Infections such as thrush can be treated with over-the-counter medications, however, if symptoms do not resolve after a week or the problem recurs, you should seek further medical advice. 

If you think you have an STI, you should attend your local sexual health clinic, where medical professionals will provide you with an onsite test and then prescribe a suitable treatment. 

5. Ovarian cysts

Ovarian cysts are fluid-filled sacs on the ovaries that can cause pain during sex but often have no other symptoms. There are different types of ovarian cysts that occur for a number of reasons. 

“Most women form small cysts every month during ovulation. When these cysts burst or disperse at the time of ovulation, this can cause pain,” says Dr. Henderson. “Pain generally only lasts for 24-36 hours at the most. Other ovarian cysts can occur due to the accumulation of blood and fluid within part of the ovary. There are a high number of pain receptors and causes of pain.”

Dr. Henderson points out that this pain will primarily be felt during sex but can be felt at other times too. 

“The vast majority of these cysts are benign and, if they are below 5cm in diameter, they tend to disappear spontaneously,” Dr. Henderson explains.

However, ovarian cysts can be more sinister and could require surgical removal.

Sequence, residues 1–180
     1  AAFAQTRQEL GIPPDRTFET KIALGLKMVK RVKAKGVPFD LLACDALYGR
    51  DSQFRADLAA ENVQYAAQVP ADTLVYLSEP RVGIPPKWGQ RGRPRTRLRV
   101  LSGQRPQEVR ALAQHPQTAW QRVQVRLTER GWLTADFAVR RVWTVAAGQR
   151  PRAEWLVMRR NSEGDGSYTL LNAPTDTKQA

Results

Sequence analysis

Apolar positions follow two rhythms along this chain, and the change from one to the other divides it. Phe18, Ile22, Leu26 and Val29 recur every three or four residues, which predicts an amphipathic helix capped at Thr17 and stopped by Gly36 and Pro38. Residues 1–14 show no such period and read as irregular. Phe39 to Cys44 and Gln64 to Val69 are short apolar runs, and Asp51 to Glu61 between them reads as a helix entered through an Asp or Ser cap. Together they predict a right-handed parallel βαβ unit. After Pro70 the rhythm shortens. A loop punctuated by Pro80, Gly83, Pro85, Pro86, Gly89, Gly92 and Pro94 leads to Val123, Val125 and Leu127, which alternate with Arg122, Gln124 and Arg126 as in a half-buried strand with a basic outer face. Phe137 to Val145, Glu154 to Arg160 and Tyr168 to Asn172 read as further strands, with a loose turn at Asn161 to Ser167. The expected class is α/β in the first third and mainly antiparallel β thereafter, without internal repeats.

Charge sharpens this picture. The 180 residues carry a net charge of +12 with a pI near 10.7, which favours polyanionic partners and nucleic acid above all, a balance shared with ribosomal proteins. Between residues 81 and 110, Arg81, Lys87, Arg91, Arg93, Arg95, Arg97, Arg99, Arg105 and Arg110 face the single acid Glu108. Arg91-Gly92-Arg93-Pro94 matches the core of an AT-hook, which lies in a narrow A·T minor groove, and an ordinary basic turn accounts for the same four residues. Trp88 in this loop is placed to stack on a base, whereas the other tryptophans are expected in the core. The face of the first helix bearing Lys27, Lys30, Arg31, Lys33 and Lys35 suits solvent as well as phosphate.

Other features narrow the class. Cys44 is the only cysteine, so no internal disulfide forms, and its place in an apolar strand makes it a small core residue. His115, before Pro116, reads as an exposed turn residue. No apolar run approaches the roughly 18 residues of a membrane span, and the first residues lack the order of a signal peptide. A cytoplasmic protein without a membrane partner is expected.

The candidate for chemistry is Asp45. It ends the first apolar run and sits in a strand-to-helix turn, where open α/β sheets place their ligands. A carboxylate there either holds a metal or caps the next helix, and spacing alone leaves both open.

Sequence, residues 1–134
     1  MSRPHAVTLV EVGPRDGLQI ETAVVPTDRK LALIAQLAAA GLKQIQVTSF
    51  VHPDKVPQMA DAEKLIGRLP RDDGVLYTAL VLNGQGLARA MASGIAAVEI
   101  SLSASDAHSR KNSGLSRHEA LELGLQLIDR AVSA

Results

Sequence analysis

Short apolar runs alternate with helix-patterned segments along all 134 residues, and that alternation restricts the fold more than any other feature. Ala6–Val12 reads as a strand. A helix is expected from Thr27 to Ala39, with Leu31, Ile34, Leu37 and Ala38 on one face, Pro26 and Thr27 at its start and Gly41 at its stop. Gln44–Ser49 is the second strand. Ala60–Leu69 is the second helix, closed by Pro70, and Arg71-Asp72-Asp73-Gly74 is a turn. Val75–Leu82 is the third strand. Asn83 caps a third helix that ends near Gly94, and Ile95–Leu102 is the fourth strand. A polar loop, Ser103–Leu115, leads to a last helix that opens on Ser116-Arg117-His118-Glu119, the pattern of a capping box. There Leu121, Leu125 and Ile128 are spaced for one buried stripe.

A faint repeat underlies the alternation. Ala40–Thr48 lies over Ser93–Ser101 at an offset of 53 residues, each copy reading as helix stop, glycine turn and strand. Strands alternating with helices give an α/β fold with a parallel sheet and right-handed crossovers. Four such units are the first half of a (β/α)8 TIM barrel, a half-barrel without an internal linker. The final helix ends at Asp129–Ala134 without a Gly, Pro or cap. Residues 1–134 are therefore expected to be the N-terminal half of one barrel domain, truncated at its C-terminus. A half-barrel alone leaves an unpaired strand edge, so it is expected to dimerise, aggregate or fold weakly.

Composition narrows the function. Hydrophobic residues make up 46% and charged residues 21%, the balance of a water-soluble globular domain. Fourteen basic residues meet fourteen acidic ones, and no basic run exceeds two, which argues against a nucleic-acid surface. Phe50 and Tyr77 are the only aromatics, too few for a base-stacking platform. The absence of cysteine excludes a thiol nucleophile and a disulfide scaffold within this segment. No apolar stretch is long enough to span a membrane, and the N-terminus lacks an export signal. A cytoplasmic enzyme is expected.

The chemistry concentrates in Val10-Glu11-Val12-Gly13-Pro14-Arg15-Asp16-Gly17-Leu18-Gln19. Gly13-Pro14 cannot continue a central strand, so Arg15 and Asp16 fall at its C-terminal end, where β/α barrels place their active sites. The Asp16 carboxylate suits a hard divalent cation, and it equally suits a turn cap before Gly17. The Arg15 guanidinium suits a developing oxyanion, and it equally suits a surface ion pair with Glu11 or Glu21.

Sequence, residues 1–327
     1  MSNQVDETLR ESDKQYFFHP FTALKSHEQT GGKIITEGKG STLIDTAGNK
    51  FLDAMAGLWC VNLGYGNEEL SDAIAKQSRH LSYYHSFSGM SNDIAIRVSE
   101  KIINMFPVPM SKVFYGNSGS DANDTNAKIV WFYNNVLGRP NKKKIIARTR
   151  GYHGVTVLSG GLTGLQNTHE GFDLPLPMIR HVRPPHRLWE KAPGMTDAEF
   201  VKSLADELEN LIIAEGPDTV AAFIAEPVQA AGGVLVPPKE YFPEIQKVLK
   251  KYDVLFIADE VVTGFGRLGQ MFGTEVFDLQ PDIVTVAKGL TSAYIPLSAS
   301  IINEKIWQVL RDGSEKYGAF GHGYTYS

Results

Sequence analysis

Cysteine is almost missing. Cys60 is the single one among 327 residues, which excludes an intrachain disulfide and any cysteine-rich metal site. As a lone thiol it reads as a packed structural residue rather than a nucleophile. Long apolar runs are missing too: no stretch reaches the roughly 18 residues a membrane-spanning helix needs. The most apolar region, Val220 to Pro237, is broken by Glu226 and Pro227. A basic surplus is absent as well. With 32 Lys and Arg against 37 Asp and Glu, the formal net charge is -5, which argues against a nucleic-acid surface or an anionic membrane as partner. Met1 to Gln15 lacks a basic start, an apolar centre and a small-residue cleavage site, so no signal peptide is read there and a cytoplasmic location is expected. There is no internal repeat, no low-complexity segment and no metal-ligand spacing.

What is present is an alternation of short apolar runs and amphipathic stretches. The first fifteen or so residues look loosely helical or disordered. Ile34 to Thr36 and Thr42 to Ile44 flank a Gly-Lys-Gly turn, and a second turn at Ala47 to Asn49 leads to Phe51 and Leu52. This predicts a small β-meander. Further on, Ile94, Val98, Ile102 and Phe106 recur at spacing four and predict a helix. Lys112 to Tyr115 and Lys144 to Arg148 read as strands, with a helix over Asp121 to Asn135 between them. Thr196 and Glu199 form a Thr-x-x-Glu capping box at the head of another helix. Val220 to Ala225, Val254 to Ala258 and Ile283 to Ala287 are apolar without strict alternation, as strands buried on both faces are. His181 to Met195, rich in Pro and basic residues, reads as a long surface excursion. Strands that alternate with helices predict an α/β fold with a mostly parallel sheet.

“Certain conditions, such as endometriosis, can also lead to recurrent ovarian cyst formation, typically known as chocolate cysts. This is due to the formation of thick dark brown material within the cyst, which is essentially congealed and oxidized blood. This condition will usually require a combination of hormonal treatment and surgery,” Dr. Henderson explains. 

Two pairs of feet at bottom of bed

6. Fibroids

Fibroids are growths on the uterus which can cause heavy menstrual bleeding, pelvic pressure, pain, and painful intercourse. 

“If the blood supply is good, they will continue to grow over months and years and can reach a considerable size,” says Dr. Henderson. “Why they occur is not fully understood, but they are generally benign, and only a minimal number turn cancerous,” she explains. 

Fibroids are thought to affect up to 20-25% of the population, with certain ethnic groups more likely to suffer from fibroids than others. Fibroids also often run in families. 

Fibroids can be shrunk using certain types of hormonal treatment but, in many cases, will require surgery. “Nowadays. this is generally carried out by laparoscopy." Dr. Henderson adds.